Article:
Written evidence submitted by Dr Ben Burville (FGP0297)

The problem is mainly one of patient demand outstripping capacity – typically access will be by telephoning into surgeries, and this leads to an inevitable rush between 08:00-09:30. In many practices by 08:45 all the appointments have gone, and demand has already exceeded capacity.

(as per Point 6 on NHS plan)

Online access to appointments can help some but often not the patients in greatest need who may be frail, elderly and with limited IT access or skills.

Other barriers include GP being a default solution for even minor ailments and the excessive reliance on GP by a relatively small number of patients (Pareto principle 80:20 in action)

A sustained campaign using media (TV/Media/Radio/Newspapers) to encourage a "pharmacy first" approach may help.

Increased capacity at GP sites would obviously be a huge benefit with, of course, adequate estate and appropriate phone lines/reception / care navigation staff to answer the calls.

This question is, in fact, key and the issue of a small number of patients generating a disproportionate amount of work is significant.

Identifying frail patients in the community, especially those who have multiple co-morbidities and are housebound then commissioning a bespoke community frailty service (frailty nurses with a community care of the elderly physician) integral to a practice (or group of practices) would be very helpful.

These teams would need to complement GP sites and become integral to the workforce – they would not delegate to the GPs – they would provide care instead of the GPs. Freeing up GP time to help with capacity problems and improve access.


The plan ( Coronavirus » Our plan for improving access for patients and supporting general practice (england.nhs.uk) ) seems to support patients being entitled to select a F2F appointment when, in reality, GP time is a valuable resource.

A patient may well "want" a F2F review for fungal nail infection but it may not be an appropriate use of a F2F slot.

The plan should be more focused on what patients "need" rather than what they "want". (Point 7 NHS plan)

Point 9 of the plan has been written as though GP has accepted this approach when in fact many GPs struggle with this model.

(In our hospitals, the consultant leads a multidisciplinary team of different professionals. That model is rightly becoming the new norm in general practice, with the GP expert generalist supported by a much wider array of clinical professionals.)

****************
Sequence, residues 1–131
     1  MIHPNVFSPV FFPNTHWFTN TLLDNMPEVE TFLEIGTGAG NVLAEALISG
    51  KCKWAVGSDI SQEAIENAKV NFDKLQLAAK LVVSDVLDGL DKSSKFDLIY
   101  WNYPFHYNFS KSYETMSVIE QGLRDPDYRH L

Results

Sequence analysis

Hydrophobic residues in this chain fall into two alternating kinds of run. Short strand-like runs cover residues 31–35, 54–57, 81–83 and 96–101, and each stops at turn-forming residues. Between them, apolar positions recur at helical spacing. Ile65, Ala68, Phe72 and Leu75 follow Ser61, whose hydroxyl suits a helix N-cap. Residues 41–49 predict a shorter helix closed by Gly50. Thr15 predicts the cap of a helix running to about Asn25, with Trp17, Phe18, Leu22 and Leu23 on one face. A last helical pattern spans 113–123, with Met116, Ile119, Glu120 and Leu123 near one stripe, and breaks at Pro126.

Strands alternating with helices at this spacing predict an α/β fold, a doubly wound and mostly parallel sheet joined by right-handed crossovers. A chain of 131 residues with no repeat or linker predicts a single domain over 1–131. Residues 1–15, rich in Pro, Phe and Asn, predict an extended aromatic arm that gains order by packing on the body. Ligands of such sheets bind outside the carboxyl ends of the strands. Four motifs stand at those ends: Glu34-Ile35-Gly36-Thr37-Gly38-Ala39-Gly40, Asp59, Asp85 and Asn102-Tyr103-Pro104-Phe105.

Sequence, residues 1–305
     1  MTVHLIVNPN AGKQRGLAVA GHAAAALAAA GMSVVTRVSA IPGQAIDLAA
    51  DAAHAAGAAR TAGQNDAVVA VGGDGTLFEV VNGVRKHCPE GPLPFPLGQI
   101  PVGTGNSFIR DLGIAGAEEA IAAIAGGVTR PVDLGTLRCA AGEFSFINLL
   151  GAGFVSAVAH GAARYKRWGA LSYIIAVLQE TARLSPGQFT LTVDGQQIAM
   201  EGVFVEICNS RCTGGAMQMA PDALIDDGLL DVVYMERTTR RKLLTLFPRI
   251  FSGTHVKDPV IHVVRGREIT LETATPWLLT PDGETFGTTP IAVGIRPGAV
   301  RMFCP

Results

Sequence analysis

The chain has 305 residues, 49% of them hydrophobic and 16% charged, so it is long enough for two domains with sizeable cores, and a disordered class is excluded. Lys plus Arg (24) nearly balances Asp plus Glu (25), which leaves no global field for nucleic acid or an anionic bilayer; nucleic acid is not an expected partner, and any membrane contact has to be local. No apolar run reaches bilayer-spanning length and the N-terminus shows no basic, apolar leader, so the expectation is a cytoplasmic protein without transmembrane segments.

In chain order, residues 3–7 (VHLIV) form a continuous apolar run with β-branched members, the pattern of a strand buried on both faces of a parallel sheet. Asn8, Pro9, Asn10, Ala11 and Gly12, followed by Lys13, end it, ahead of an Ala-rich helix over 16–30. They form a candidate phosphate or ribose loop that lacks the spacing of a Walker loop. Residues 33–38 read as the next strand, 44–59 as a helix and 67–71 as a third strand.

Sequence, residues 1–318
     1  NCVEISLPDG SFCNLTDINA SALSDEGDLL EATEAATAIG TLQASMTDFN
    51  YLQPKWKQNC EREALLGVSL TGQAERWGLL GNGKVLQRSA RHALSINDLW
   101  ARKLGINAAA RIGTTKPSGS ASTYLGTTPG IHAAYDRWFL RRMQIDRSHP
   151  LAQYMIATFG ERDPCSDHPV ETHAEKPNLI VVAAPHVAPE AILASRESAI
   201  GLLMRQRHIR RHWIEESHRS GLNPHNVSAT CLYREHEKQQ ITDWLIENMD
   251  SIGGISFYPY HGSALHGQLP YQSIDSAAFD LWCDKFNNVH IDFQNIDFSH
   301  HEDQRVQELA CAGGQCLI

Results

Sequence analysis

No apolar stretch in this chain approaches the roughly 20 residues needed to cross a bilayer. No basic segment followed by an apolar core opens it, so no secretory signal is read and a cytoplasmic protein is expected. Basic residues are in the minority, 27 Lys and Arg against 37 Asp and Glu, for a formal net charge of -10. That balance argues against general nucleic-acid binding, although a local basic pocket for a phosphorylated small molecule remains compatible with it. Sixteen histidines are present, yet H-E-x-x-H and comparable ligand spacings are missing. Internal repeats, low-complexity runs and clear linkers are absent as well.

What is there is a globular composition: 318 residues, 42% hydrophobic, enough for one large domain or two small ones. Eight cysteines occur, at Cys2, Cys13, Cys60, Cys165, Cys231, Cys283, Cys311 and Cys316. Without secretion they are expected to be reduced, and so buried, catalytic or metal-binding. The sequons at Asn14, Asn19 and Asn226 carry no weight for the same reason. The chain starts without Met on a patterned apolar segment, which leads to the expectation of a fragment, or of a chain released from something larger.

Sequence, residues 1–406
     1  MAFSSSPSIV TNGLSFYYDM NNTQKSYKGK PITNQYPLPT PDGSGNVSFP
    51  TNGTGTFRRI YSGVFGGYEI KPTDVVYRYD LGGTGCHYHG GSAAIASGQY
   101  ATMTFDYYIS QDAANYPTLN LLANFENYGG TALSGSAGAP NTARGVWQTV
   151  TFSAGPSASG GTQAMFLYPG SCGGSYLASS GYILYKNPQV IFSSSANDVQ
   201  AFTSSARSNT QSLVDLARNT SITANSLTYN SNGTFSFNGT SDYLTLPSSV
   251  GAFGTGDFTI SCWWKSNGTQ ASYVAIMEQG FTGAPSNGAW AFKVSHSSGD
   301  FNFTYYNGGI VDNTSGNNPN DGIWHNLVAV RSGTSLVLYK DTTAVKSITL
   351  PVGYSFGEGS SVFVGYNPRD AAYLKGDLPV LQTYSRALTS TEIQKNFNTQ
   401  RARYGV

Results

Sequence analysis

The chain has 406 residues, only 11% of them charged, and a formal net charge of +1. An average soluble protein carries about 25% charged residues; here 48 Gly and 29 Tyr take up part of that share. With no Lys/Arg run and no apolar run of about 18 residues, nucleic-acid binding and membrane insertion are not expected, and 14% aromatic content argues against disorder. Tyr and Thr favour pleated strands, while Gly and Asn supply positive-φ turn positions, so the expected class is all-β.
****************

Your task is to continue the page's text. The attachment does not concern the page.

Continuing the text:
In fact, I think this model has significant potential and as a GP trainer who has helped oversee the training of medical students, physician assistants, ANPs, F2 doctors and of course GP registrars it makes a lot of sense.

The model does, however, encourage the GP to take more of a "trainers" role, supporting, coaching and mentoring as required and this narrative has not been "sold" to the majority of GPs yet.

In fact, some will find it quite intimidating.

With regards to the new £250m Winter Access Fund (page 6) – this has genuine benefits for patients when a healthy proportion of the money filters down to GP sites to pay for additional bodies (be that locums or extra sessions for employed clinicians). However, by way of an example, in Northumberland the amount of money available for practices to claim against for extra sessions/ appointment provision is approximately just over £1 per patient registered and has only just be clarified – compared to the £4.60/patient that the Winter Fund equates to.

This means for a practice of 12,000 patients, like my own, we can get an extra 10 days ANP locum/ month at c. £430/day for the period Jan-end March.

Point 17 page 8 – highlights the need for the promised 6000 WTE additional GPs.

The key factor then is that practices are funded adequately to employ these extra GPs. We could employ additional GPs right now if we had the funding.

Point 28 page 10 – "secondary care providers must assess and address certain processes that generate avoidable administrative burdens for GPs. "

This is an ongoing problem that is getting worse.

The latest trends from CCGs/Trust actually reinforce the opposite – a clear example being the inappropriate use of "Advice & Guidance" as a barrier to patient referral.

I can provide personal examples of referrals being undermined and delayed by secondary care providing unnecessary and unrequested "Advice & Guidance" that has ignored the fact that tests had already been arranged.  Indeed A&G can result in considerable "work dump" on GP sites.

B.Address variation and encourage good practice Page 12